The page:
I’ve previously written and posted about the inoperative fountain system in Hopeland Gardens as well as being an opportunistic wildlife photographer. All of the compositions in this post come from the upper fountain area and feature the same subject – a leopard frog that apparently wanted me to create works of it. I was amazed that the frog let me get so close to it because normally they are very cautious and jump before you even get to see them. I did move as slow as I could and continued to work my way up to these poses, but it almost felt like the frog simply wasn’t scared of me (for some unknown reason) and had no intention of fleeing no matter where I placed my tripod. I did have a similar encounter with a young alligator once down at Magnolia Springs State Park near Millen, GA, but it has been my experience that sessions like that are extremely rare.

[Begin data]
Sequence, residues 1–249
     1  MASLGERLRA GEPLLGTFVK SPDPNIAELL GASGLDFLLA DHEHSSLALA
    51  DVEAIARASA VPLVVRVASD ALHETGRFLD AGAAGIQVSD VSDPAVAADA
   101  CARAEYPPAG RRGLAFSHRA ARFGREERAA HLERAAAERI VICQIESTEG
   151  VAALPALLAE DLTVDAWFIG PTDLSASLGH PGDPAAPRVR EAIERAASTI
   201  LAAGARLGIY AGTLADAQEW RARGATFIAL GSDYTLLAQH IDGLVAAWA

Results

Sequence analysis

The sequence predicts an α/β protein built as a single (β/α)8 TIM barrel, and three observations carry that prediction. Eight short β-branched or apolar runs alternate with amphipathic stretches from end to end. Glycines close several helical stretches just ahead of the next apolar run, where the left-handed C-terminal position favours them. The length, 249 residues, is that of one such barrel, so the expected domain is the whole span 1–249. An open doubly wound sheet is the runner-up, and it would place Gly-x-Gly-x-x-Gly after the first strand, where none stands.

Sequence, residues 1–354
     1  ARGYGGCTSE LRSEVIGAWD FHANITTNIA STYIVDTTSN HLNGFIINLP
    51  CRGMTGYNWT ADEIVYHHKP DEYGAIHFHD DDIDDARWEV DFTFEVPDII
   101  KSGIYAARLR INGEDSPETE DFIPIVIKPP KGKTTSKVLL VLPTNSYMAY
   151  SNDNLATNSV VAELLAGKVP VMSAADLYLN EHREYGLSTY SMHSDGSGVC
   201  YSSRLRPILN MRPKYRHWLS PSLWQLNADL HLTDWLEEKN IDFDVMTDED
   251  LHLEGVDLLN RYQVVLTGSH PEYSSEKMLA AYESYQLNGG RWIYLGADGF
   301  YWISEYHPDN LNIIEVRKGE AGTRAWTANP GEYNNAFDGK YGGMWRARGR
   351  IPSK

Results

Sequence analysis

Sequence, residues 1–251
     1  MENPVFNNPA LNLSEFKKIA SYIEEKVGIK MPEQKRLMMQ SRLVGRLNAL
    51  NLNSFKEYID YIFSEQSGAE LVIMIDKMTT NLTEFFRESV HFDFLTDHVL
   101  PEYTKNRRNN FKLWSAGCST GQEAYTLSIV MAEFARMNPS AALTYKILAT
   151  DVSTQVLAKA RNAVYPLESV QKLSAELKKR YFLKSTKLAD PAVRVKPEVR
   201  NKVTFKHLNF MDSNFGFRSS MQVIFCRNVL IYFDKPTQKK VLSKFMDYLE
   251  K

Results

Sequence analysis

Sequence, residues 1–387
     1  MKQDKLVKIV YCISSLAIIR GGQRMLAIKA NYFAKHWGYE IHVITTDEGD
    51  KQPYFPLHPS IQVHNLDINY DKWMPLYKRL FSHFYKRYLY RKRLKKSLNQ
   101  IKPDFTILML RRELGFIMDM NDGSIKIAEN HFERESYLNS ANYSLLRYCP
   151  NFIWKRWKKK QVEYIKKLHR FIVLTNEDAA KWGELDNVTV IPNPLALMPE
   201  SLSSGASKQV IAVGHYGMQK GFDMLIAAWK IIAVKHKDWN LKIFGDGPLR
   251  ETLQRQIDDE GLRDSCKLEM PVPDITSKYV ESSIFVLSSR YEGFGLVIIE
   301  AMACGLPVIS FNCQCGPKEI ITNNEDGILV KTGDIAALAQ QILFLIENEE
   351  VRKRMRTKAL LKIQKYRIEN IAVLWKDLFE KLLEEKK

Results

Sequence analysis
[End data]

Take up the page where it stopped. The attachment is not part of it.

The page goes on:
I was able to maneuver the tripod into a position where I was directly above the leopard frog for my Primed piece. If it knew how nervous I was that it would jump, it very well may have. I felt that this was a unique opportunity (if for no other reason than you just can’t ordinarily get this pose with a live subject without having used some type of unethical technique). I was also thinking that its leg muscles must be locked and loaded and ready to fire in the blink of an eye. I loved the green, elliptical patches mixed in with the rest of its body camouflage, and the duckweed roots draped across its body. Due to the vertical orientation, I made the aesthetic choice of placing it very near the center of the frame horizontally. The high level of detail allows textures to be seen.